Stand by for H.266 compression
February 1, 2018
A seminar organised in London by compression specialist ATEME and audio and video experts from Dolby Labs heard updated news on the planned roll-out of the latest plans for video compression. The event was the latest in a series of industry briefings held in Munich and Paris and another scheduled for Denver.
Jérôme Vieron, (Director, R&D) and Ateme’s acknowledged expert told delegates that a new Codec was well on its way ideally suited for 4K “and even 8K, 12K and 16K…”. He admitted that the acronym-heavy industry bodies and some 4K-branded solutions were frequently confusing for the public and even others involved in the sales and marketing of TVs and related technologies!
Jason Power, Snr Director of marketing/broadcast at Dolby Labs, said that the progress made by Dolby Vision was further boosted when the codec was accepted at CES by Apple for its portfolio of video products, and where Apple was aggressively promoting High Dynamic Range (HDR) as “the new normal” for broadcasters. There were now more than 200 titles available in HDR from Apple. He explained that LGD, Sony, Philips, Hisense, Vestel and others had also adopted Dolby Vision within their latest display ranges, as had certain Games companies and Lenovo laptops.
Vieron told delegates that one new advanced codec, (Future Video Codec/FVC H.266) was now well advanced, and its aim was to achieve a ‘better than 30 per cent compression improvement over existing standards.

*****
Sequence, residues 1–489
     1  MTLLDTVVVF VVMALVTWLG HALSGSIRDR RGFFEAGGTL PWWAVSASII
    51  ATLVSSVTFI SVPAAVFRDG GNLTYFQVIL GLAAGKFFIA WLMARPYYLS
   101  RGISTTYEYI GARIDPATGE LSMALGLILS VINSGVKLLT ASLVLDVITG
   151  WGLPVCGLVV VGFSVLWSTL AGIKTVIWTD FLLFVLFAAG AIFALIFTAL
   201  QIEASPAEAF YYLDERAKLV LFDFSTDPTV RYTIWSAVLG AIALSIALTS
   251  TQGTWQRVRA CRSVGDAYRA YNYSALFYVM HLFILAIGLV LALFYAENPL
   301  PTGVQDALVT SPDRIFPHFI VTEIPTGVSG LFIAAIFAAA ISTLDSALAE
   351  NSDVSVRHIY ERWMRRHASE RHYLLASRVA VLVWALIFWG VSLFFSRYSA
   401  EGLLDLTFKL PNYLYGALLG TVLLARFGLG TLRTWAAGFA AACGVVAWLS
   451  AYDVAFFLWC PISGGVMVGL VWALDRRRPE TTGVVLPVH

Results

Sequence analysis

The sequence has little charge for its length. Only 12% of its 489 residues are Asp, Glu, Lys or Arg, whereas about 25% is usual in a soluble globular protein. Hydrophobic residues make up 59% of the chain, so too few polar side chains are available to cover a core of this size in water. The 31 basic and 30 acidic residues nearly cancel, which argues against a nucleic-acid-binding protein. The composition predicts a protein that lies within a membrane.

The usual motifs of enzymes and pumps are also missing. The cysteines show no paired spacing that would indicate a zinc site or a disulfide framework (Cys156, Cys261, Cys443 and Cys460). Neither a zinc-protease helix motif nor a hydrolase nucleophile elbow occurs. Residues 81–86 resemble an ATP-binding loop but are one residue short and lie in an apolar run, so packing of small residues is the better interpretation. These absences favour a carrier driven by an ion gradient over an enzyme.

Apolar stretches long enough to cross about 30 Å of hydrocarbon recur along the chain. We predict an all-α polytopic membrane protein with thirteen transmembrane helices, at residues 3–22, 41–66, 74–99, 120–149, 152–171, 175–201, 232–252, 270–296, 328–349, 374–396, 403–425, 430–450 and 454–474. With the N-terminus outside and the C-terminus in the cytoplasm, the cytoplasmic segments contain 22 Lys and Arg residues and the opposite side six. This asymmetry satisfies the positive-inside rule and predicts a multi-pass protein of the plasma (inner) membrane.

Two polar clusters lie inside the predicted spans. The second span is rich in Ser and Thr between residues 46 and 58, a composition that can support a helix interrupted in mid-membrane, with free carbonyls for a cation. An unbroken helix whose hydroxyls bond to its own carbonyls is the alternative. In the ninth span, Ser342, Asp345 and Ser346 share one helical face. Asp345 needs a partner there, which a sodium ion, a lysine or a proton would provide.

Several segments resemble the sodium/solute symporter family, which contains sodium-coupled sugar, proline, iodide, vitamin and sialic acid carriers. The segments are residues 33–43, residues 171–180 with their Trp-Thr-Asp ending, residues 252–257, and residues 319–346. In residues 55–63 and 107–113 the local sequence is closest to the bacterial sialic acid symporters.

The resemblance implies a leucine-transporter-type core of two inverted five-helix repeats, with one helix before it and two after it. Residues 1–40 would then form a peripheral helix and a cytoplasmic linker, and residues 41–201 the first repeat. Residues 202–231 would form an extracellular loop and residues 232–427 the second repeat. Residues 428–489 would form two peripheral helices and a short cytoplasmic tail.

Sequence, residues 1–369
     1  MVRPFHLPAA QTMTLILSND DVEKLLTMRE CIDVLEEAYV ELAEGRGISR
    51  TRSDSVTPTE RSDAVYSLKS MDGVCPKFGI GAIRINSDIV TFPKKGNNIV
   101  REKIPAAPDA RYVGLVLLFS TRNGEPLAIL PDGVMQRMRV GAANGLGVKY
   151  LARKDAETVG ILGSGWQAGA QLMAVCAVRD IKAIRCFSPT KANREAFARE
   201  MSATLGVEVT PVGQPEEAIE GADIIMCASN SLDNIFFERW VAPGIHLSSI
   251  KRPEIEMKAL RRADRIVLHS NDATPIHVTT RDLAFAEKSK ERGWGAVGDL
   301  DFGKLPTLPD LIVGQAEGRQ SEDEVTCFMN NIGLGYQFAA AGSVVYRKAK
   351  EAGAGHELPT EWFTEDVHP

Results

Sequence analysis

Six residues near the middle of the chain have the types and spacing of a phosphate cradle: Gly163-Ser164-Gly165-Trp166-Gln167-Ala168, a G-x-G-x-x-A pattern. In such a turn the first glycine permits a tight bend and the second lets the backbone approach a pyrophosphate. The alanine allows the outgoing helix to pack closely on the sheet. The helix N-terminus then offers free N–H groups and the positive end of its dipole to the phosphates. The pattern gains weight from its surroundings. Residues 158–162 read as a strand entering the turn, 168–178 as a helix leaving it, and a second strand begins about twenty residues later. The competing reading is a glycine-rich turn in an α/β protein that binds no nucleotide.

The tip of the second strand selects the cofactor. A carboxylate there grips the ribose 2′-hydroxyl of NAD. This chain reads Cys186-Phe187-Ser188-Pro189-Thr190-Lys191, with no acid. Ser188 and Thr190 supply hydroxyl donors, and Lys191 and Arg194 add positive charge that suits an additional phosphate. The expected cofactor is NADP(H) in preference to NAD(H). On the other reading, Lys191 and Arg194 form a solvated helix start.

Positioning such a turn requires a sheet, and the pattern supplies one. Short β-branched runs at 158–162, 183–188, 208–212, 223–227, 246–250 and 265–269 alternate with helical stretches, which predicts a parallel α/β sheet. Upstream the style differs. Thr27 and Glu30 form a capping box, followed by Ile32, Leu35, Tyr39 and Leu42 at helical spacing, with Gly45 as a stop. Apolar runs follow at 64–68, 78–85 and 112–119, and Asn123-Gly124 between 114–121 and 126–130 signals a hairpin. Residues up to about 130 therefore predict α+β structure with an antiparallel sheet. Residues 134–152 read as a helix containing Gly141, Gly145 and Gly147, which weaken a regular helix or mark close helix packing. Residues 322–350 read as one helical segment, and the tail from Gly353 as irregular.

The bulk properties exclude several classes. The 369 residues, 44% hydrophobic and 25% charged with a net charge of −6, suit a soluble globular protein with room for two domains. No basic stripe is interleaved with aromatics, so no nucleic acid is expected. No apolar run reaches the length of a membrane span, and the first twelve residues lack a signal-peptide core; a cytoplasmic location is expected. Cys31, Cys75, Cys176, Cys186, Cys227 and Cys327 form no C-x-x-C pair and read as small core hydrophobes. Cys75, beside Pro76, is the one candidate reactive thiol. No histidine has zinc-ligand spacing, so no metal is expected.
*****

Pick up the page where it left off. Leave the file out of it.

FVC/H.266 Development Schedule
• Standardisation process has started
• Target >50 per cent over HEVC
• Oct 2017, Call for Proposals
• Feb 2018, Responses evaluation
• Oct 2018, First test models due
• Oct 2019, First versions of Standard
• End 2020, Final Standard
• June 2021, First hardware Codecs
Vieron added that royalty fees for IP were not always helpful to broadcasters and equipment vendors, not least when requests were made by some to sign NDA’s prior to knowing what the licence fee actually covered or involved.
“But these are new paradigms, and new ways of thinking,” stated Vieron, and one of these was to – in effect – start thinking with a clean sheet of paper and where Ateme was working on a concept where Artificial Intelligence was an integral part of the codec, and actively looked at the content, its target device and where there was “machine deep learning” in the codec. The potential, said Vieron, was between 30-60 percent compression gains in bandwidth. The gain in Sport would be smaller, but the benefit in movie transmission would be at the higher end of the target scale.